This article is part of a staff series on embarking upon new endeavors in honor of the new year and decade.
Once upon a time, I was a cellist.
I played first cello in my high school orchestra, and after graduation I was admitted to a prestigious music conservatory. I had plans to become a professional musician.
Then, reality hit.
By the middle of freshman year, I knew I had made a mistake. Though I was one of the best cellists at my high school, I was one of the weakest players in college.
While I enjoyed playing Bach’s cello suites, I preferred listening to the Grateful Dead. Fellow classical musicians seemed stuffy to me, and I spent most of my time hanging out with the theater people.
Moreover, it was lonely spending eight hours a day in a practice room by myself. (By then, it was clear that the only way I was going to make a career as a cellist was by practicing at least eight hours a day.) So within a matter of weeks, I decided to quit. I also ruled out the idea of playing the cello as a hobby. If I couldn’t be a professional, I vowed, I wouldn’t play at all.
After breaking the news to my parents, I sold my cello, went to Europe and didn’t look back for many years. I finished college as a literature major and then went to social work school.
When I was about 30, I realized I missed music. I rented a cello expecting to pick up where I had left off 12 years earlier. That didn’t happen. I sounded awful and couldn’t bear to hear myself play.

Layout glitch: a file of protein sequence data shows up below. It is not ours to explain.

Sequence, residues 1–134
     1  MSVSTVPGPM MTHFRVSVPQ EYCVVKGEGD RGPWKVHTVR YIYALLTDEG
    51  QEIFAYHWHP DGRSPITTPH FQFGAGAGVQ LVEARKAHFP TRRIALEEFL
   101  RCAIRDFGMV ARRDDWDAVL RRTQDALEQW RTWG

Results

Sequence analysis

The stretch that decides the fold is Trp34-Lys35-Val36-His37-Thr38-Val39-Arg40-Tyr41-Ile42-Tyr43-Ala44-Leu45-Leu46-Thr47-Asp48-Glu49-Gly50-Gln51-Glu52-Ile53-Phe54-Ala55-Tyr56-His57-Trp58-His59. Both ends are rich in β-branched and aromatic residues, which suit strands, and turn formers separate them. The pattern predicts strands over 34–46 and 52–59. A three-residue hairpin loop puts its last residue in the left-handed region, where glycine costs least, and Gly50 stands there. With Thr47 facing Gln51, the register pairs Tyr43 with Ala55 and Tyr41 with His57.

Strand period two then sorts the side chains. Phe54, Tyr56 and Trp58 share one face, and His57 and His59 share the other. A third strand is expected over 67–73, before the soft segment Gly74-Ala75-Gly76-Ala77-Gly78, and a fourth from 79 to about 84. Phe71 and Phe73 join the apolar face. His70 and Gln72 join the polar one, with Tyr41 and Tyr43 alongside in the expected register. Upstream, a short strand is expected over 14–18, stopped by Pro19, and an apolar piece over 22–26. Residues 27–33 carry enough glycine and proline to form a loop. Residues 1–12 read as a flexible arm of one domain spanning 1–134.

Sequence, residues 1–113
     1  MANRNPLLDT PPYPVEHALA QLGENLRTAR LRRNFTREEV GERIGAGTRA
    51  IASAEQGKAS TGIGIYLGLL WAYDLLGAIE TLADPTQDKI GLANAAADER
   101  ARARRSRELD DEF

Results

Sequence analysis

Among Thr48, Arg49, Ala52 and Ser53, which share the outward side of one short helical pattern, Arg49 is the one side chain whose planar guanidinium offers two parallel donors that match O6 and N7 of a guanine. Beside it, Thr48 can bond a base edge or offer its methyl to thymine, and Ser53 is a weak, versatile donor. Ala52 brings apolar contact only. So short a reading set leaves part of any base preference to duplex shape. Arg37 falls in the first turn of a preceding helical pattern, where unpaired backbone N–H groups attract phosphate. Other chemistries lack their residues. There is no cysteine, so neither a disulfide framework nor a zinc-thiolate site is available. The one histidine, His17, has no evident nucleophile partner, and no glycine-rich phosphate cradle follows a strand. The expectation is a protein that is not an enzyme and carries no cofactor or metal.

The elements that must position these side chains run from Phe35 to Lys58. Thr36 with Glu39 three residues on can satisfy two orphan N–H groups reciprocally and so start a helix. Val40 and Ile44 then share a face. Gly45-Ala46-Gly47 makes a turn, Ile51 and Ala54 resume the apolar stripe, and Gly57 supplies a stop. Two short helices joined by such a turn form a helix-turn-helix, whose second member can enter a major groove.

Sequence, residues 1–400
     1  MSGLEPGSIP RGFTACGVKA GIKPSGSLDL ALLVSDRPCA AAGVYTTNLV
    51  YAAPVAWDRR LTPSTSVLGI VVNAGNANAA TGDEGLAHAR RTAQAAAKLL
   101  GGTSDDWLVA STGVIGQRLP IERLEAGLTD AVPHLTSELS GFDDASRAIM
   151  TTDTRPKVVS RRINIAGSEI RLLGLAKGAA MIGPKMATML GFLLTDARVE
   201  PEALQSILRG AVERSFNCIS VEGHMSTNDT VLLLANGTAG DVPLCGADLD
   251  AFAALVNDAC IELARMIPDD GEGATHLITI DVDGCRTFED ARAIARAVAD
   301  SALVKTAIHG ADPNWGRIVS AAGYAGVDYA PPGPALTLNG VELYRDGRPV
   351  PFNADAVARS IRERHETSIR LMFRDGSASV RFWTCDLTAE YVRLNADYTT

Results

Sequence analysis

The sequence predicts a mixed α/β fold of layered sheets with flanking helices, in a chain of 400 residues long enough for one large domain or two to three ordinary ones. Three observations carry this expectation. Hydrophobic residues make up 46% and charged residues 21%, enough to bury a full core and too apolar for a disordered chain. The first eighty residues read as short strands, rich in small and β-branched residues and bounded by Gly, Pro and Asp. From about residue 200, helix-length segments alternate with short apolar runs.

The cello sat in the corner of my apartment and made me feel guilty for not practicing. Eventually, I returned it to the store.
Fast-forward a quarter-century or so and my partner and I were listening to classical music together. I told him about my senior year in high school and the demanding solo in the “William Tell Overture” that I performed during the spring concert.
“I can’t believe I was able to play in front of so many people,” I said. “I could never do that now. I was silly to give it up.”
“But you can play again,” he said.
It wasn’t the first time that someone suggested I return to the cello. But somehow, this time was different. That night, I fell asleep thinking about playing the cello. It seemed like there was no time to waste.
The following weekend, we went to Perrins and Associates Fine Violins in Mount Vernon and rented a cello. This time, I rented with reasonable expectations. I knew I was a beginner. I knew it would take practice to sound halfway decent. But I wanted to play music again, and perhaps gain the proficiency needed to play with other amateur musicians. I couldn’t wait to get home and try the instrument.
As I started to play, I was pleasantly surprised to find that I could still read music. Within a few days, I was playing the simple pieces in the Level 2 Suzuki book that I purchased at Perrin and Associates.
My hands, now stiff with arthritis, made it hard to play for long periods of time. But gradually, I was able to play for as long as an hour without pain. With regular practice, I was improving. But there were certain things I couldn’t remember — bowing technique, posture and basic music theory to name a few. These shortcomings were holding up my progress.
It was time to consult an expert. So, I contacted a young cellist who works at Perrin and had previously offered to give me lessons. I’ll begin studying with him sometime in the next couple of weeks.
It’s a scary proposition, but I think I’m ready to go for it. Here’s to a musical 2020!
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